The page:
Are Metropolitan Areas Primed for Success? A Prosperity Risk Index for Evaluating Economic Development Patterns

Open Access Journal | ISSN: 2183-7635

Article | Open Access

Are Metropolitan Areas Primed for Success? A Prosperity Risk Index for Evaluating Economic Development Patterns


  • Richard Sadler Department of Family Medicine, Michigan State University, USA / Division of Public Health, Michigan State University, USA
  • Dayne Walling Department of Geography, Environment, and Society, University of Minnesota, USA
  • Zac Buchalski Division of Public Health, Michigan State University, USA
  • Alan Harris Division of Public Health, Michigan State University, USA


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Abstract:  Urban areas differ greatly in their exposure to economic change, their trajectory toward recovery and growth, and the extent to which development and equity are paired. Some of this differentiation can be explained by regional dynamics, policies, and migration flows that influence the composition of economic activity, land use, and population characteristics. Simultaneously, the fortunes of center cities are known to often correlate with metropolitan characteristics, yet the interaction of socio-spatial conditions with multi-level governance and development processes—particularly with respect to how prosperity is shared across municipal lines and is distributed among communities—is under-researched. In this article, we use a GIS-based and quantitative approach to characterize such patterns and evaluate regional differences among 117 mid-sized metropolitan areas in the Eastern US with a population between 250,000 and 2,500,000. Our analysis rests on initial GIS-based inquiries to define city, urbanized area, county, and core-based statistical area-level measures of municipal fragmentation, geographic sprawl, racial segregation, economic inequality, and overall poverty. These five characteristics are combined to propose a prosperity risk index for each region. Further, indicators of economic performance such as job and population growth are inverted to create an economic vulnerability index. An interaction model is run to determine relationships among the indices to highlight both the regional differences in these characteristics that became noticeably significant in the analysis and the linkages of spatial patterns of economic growth and social equity. Analyzing these multi-scalar regional dynamics illuminates the socio-spatial patterns that deserve attention in urban economic development theory and, subsequently, offers a framework for evaluating public policy and development practices. We likewise offer two comparisons of outliers as a means of illustrating potential directions urban areas can take toward economic development. These findings are valuable for local economic development practitioners who may be seeking further contextual/comparative information on urban regions, or for others interested in understanding the dynamics behind urban planning that may drive regional competitiveness and prosperity.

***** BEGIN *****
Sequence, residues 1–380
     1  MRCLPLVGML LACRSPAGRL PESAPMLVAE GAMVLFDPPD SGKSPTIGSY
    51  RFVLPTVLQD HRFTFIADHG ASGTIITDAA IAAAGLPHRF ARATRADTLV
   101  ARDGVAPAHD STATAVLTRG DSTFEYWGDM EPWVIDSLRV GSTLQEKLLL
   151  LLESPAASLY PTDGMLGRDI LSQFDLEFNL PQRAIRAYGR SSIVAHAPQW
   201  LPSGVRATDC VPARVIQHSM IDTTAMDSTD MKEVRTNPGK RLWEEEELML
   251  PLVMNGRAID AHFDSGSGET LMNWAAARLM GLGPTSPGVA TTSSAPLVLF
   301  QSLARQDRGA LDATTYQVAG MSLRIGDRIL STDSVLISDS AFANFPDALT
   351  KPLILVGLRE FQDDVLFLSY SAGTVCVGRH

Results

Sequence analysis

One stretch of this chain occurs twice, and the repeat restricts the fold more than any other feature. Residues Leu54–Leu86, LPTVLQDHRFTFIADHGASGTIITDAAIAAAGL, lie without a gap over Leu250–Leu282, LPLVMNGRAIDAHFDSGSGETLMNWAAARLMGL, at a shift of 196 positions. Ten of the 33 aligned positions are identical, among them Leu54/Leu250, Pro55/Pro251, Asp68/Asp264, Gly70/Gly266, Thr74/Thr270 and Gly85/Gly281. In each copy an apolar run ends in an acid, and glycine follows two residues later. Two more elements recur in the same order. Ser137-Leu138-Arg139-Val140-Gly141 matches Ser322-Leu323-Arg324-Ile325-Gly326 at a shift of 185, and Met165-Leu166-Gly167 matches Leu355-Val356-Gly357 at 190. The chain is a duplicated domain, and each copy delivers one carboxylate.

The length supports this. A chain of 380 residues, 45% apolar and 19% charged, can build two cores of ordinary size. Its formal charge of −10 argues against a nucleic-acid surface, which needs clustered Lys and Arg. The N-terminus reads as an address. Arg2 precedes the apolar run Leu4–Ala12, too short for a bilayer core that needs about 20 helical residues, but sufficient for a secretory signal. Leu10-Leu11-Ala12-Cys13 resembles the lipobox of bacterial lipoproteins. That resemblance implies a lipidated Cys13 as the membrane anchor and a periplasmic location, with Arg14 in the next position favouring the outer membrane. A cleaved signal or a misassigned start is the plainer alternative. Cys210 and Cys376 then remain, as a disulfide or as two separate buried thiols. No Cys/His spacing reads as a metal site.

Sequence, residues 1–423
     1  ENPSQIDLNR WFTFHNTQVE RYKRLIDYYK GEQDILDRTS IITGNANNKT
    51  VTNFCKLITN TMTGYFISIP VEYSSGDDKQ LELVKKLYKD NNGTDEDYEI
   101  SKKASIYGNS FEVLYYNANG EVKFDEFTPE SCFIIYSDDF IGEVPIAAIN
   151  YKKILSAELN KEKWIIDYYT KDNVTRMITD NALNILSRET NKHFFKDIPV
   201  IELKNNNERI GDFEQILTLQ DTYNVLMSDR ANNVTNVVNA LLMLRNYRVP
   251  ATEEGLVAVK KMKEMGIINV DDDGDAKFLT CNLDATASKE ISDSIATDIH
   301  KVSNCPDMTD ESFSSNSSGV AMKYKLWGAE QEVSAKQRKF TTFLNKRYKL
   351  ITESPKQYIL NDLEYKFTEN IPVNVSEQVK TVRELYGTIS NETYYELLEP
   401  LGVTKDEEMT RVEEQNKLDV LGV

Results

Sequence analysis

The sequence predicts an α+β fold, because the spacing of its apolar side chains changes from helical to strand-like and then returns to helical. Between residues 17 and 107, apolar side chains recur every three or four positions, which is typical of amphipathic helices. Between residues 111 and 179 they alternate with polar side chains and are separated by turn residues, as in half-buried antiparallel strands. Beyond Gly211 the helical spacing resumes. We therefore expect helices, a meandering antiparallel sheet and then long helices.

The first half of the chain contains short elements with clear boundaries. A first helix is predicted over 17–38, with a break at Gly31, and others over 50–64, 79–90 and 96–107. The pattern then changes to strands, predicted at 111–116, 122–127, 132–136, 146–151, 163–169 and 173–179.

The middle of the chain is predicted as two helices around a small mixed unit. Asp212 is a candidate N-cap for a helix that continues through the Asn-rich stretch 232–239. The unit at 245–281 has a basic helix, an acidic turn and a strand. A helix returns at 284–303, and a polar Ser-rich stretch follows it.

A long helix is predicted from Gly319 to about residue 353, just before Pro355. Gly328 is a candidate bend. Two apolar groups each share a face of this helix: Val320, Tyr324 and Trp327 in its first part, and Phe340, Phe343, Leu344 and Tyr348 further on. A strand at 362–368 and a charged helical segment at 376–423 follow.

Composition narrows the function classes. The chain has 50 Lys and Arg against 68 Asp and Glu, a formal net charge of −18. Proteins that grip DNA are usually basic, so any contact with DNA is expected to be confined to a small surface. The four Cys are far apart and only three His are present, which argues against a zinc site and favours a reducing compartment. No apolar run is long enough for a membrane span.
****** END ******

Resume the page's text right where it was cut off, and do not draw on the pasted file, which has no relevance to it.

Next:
Keywords:  economic development; inequality; land use planning; prosperity; regional studies; spatial analysis; urban geography

Published:   29 September 2020


DOI: https://doi.org/10.17645/up.v5i3.3151


© Richard Sadler, Dayne Walling, Zac Buchalski, Alan Harris. This is an open access article distributed under the terms of the Creative Commons Attribution 4.0 license (http://creativecommons.org/licenses/by/4.0), which permits any use, distribution, and reproduction of the work without further permission provided the original author(s) and source are credited.